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This iOS 12 Shortcut automatically activates your iPhone camera during a police stop

This iOS 12 Shortcut automatically activates your iPhone camera during a police stop


Mobile phones are the great equalizer. Residing in each of our pocket’s is a device that shifts the balance of power, if slightly, from those who have it, to those who ensure they don’t abuse it. Whether used as a deterrent or to document horrific overreach, the mobile phone has become an important part of life in 2018, and for reasons few could have predicted when they launched.

A new Siri shortcut adds another tool to the arsenal of those who document these encounters with police.

With the release of iOS 12 last week came a new automation app, Shortcuts. In it, users can map everything from simple workflows like sending an email, to complex actions surrounding home automation, navigation, and communication on your return home from work each evening. Each is done with a trigger, a sort of if-this-then-that workflow that starts with one thing, and then completes a list of tasks in a defined order.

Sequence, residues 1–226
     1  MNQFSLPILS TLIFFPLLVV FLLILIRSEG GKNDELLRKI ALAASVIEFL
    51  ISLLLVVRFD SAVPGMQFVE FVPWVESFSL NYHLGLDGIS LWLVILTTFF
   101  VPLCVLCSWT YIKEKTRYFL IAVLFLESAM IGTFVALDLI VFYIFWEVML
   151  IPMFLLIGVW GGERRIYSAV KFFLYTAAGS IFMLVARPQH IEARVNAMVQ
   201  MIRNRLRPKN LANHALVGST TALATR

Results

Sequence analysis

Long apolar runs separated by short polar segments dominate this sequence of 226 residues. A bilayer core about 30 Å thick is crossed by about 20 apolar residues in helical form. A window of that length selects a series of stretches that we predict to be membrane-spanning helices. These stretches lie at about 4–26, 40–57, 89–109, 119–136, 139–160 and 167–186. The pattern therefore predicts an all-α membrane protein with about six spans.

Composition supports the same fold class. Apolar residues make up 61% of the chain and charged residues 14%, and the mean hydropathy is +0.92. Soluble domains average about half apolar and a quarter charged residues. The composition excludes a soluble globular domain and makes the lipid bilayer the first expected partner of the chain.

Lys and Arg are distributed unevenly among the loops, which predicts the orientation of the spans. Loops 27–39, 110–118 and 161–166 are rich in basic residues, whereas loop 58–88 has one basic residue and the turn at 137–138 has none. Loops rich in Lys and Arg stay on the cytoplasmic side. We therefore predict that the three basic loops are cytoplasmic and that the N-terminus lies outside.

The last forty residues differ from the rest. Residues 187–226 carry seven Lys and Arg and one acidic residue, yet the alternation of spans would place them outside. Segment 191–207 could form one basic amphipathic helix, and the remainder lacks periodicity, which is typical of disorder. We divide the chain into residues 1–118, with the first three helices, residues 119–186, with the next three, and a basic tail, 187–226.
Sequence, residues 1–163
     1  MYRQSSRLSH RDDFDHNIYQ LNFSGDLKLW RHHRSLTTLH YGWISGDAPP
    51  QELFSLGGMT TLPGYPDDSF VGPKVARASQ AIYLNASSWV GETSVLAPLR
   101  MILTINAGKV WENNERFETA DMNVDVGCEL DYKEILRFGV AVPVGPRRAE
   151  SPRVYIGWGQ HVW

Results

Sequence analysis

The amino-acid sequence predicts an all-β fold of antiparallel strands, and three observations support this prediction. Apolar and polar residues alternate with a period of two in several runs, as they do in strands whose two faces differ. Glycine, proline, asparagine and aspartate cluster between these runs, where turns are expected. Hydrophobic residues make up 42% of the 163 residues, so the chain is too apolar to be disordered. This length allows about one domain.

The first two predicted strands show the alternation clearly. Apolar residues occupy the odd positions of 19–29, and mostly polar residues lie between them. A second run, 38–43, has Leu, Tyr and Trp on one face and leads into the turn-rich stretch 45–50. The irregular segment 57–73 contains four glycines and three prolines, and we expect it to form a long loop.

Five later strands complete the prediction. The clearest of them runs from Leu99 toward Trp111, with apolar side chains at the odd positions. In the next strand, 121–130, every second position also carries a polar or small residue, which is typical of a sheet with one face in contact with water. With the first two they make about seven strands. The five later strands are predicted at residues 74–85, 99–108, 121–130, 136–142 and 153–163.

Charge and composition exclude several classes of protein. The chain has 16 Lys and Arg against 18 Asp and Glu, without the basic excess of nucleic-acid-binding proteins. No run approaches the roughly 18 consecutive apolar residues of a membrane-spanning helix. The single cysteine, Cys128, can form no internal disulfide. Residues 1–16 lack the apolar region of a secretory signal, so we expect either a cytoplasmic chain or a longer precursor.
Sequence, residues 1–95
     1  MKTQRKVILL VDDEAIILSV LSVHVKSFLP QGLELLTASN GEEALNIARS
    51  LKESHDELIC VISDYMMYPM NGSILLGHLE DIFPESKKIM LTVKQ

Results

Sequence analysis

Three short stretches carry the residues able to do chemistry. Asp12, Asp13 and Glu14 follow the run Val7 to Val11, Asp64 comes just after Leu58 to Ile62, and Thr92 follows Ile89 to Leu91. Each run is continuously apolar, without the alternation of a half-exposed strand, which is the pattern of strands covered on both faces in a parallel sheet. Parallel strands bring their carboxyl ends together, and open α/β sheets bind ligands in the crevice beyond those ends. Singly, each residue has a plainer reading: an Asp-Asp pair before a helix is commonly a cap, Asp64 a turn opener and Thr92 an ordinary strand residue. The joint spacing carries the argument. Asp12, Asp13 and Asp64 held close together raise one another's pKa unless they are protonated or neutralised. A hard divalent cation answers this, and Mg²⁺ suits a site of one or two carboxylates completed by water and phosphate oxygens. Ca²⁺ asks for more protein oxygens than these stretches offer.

Reddit user Robert Peterson, of Arizona, created one to monitor police interactions. Peterson’s command is a simple one. During a police stop, just trigger Siri with the “Hey Siri” command, and then tell the assistant that you’re getting pulled over.Siri then springs into action to pause music that’s playing, turn down the brightness on your iPhone, activate “Do No Disturb” mode, and send a message to a chosen contact. It also activates the camera, to record the encounter.

Peterson recommends users place their iPhone in a dash mount while driving, a smart tip anyway that could ease the urge to pick up the device with each notification. Once inside the dash mount, a quick repositioning of the phone and a vocal shortcut allows users to document these often tense encounters.

Once the user stops recording, according to Peterson, the workflow ends by sending a recording of it to the chosen person you messaged earlier.

You can grab the shortcut here.

via Cult of Mac

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